The Role of Peaceweaver: Female Sexual Power in Beowulf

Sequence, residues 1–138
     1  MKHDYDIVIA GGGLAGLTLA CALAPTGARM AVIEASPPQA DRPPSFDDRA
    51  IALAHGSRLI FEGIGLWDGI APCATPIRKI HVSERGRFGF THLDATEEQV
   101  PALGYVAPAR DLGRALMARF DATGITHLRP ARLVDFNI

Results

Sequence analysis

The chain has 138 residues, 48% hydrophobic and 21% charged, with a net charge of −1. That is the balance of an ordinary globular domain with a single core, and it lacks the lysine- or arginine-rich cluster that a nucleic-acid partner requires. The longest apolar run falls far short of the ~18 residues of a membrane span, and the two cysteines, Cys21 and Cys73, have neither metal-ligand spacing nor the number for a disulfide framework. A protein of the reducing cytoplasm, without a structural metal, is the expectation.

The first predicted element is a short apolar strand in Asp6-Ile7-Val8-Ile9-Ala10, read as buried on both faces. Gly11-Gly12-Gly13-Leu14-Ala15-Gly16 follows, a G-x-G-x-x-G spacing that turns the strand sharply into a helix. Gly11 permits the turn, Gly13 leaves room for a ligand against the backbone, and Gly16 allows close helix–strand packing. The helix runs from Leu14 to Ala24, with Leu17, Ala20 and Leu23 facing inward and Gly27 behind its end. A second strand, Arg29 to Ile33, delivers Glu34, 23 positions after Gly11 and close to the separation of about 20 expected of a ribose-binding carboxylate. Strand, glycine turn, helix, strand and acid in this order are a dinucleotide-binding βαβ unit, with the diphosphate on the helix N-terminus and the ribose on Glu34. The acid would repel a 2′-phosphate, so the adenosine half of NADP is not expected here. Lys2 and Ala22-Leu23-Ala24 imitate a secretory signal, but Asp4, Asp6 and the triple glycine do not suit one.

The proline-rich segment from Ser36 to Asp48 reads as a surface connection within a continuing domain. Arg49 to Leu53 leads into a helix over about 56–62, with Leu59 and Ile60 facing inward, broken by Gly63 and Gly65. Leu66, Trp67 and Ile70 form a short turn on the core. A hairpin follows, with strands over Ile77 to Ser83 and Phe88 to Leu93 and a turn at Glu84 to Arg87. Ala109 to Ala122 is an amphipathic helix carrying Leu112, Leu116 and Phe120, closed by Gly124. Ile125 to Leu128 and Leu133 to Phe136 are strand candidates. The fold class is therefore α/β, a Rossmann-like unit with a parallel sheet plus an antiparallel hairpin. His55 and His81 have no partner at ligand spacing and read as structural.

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The role of women in Anglo-Saxon society is a subject that is hotly debated by scholars of the period. While scholars like Gillian Overing argue with feminist perspective that the women of this era were put in positions of subservience and servitude, my assertion is that this view is based upon highly prejudicial 20th century thinking. Each participant in Anglo-Saxon society had a distinct role to play and these roles were based upon a code. Victoria Wodzak writes, ?The interaction between the domestic world and the heroic world?exemplifies both an opposition and a symbiosis between warriors and weavers, between the heroic code and the domestic code?(256). In the epic Beowulf, the role of the women is primarily that of peace-weaver. This is a term that is used once in the actual text of the poem but countless times in its criticism.Critics like Overing and Wodzak have latched on to the term in an effort to describe the futility of the woman?s role in society. Wodzak writes, ?Women attempt to weave peace in a bifurcated domain. They invariably fail?(256). Most critics agree that the peace-weaving process is an unsuccessful undertaking but in order for this term to come into the Anglo-Saxon lexicon the act of uniting two kingdoms through marriage must have been successful at least once. Women would not have been referred to as freo?u-webbe or peace-weavers. Both Wealhtheow and Freawaru are given the title fri?u-sibb or a pledge of peace. This role was obviously an important one for the Anglo-Saxons and the repetition of the title throughout the poem indicates this.